The katana and guns can all be upgraded in various ways, and it’s up to you to figure out the best weapon for each encounter. Shadow Warrior offers all sorts of horrid hell-spawn to cut and blast through, starting off with Japanese mafia thugs, basic ugly demons and eventually pitting you against minotaurs, flying freaks, exploding blob-creatures and much more.
It’s a good-looking game for sure, with nice detailed textures and a wide variety of well-designed locations. The game’s early outdoor sections are beautiful, with bamboo thickets and cherry blossoms that look absolutely gorgeous, especially with the post-processing effects turned right up. It seemed to run fairly well on all settings, and there’s plenty of graphical options to tweak.
Shadow Warrior does a lot right. It’s managed to pull of a mixture of old-school and new-school quite competently, offers plenty of challenge and some of the most satisfying combat in the genre in recent years. There are a few areas where it’s not so solid, though.
Tonally, the game is a little bit muddled. The game is at its most interesting, surprisingly, when it’s not trying to make you laugh. The animated cut-scenes which give some insight into the mythology of the game’s world and characters look fantastic and are compelling to watch. It’s a stark contrast to the fairly juvenile one-liners spouted by Wang and Hoji. This isn’t to say the game should have gone fully serious – this is Shadow Warrior we’re talking about. It seems like an attempt to keep the tongue-in-cheek nature of the original without resorting to the racial humour, while still forging an interesting narrative. Dedicated fans of the original may be disappointed by the overall more serious and politically correct tone, while players who are new to the adventures of Lo Wang might find the humour to almost be a distraction from the storytelling, especially as the plot takes a much more serious turn in the last third of the game. This certainly isn’t a game-breaker, though. It’s simply a matter of experience with the series and taste.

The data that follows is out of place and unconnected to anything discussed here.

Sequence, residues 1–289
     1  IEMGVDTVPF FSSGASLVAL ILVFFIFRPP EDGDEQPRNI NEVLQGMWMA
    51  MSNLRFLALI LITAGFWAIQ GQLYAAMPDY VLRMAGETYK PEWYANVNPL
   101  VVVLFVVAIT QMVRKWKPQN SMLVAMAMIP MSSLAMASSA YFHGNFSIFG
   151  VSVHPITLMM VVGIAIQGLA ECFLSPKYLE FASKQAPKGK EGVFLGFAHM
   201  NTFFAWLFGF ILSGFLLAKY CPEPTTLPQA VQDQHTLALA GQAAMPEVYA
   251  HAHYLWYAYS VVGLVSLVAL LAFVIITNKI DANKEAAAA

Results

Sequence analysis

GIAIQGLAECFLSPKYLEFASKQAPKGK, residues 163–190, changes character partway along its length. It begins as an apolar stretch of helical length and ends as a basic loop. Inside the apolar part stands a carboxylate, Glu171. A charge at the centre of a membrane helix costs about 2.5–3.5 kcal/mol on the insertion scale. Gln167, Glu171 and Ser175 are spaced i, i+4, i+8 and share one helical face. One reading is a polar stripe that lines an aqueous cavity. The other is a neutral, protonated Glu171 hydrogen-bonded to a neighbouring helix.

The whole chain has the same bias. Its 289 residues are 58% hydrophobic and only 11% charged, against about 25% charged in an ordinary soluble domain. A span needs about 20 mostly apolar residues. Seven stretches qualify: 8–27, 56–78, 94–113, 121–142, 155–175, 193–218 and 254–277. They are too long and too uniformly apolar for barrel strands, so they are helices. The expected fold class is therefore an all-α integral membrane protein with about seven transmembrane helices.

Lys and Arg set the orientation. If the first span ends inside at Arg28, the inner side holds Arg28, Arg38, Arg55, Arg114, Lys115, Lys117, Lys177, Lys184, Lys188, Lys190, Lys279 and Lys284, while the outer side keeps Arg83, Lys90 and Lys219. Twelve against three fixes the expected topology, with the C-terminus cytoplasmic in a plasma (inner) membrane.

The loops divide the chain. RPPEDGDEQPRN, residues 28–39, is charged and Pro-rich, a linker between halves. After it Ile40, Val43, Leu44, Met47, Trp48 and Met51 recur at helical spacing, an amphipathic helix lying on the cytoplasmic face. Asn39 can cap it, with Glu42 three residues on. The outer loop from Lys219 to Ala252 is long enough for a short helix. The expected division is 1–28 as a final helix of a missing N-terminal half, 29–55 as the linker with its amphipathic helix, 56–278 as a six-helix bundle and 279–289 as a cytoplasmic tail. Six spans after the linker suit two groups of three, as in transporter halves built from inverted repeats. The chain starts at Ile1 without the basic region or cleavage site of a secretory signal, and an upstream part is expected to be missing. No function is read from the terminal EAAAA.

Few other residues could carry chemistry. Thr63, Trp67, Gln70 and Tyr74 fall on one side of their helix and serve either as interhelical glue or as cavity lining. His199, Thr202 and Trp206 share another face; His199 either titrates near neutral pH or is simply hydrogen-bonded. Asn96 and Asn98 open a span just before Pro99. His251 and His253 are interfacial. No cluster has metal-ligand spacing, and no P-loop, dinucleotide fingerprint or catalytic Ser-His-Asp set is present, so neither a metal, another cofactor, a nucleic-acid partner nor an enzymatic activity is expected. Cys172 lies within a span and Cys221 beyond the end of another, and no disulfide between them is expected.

The boss fights are certainly impressive in terms of scale, towering above with enormous attacks requiring you to be quick on your feet. Disappointingly, though, there’s few of them and they’re virtually identical in structure. Once you’ve beaten the first boss, you’ve got a very good idea of how the rest are going to play out. Some more variation in boss design as well as tactics required to beat them would have made for much more interesting encounters. The average fight with normal enemies in later chapters actually offer more interesting challenges, and that’s a shame.
Despite a strange tonal balance and unimaginative boss fights, there’s plenty to like about Shadow Warrior. Hardcore fans of the original might find themselves disappointed by the shift of tone and humour and stronger focus on storytelling, but the combat mechanics should offer a real blast for fans and new players alike.